The scientists said they were able to describe leopard-skin whiprays in detail and demonstrate that they are isolated from each other in terms of reproduction. They were also able to discover a new species they call Himantura tutu, which is part of a genetic line totally distinct from the three other species that are known in the same group.
Himantura tutu was discovered by Institute of Development Research (IRD) researchers and their partners in Indonesia and Taiwan. This species was originally thought to have been associated with ocellated whiprays’ sister species.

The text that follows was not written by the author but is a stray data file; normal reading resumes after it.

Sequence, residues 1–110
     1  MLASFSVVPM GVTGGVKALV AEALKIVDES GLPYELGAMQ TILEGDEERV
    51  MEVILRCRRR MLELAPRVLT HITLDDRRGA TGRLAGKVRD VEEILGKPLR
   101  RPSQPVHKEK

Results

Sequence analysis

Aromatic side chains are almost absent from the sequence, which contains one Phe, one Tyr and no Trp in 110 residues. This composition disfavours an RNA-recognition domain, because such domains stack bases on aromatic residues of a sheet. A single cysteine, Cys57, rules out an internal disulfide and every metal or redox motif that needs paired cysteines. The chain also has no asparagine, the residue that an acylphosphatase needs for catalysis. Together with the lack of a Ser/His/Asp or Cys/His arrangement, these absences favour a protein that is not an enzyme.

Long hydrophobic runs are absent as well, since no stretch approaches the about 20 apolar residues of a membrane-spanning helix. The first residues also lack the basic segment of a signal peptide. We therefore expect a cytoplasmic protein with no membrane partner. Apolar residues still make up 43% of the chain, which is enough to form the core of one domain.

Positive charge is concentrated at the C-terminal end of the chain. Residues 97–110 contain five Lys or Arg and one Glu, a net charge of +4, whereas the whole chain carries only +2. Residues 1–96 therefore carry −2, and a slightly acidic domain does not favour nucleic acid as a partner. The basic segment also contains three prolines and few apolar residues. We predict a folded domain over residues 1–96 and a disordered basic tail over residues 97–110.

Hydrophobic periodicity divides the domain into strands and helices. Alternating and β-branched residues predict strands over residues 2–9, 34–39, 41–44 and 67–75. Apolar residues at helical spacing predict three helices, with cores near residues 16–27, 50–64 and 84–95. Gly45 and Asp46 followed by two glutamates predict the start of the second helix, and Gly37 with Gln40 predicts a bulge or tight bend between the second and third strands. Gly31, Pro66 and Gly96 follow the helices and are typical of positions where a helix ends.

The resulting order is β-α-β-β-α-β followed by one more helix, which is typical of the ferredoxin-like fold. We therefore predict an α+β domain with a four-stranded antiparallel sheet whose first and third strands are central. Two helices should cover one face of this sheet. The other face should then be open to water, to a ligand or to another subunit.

The studies help assess the state of these whipray populations and improve their conservation. Having an understanding of the biological characteristics of each species will help redefine the minimum size for fishing purposes in order to avoid catching juveniles that belong to the larger species.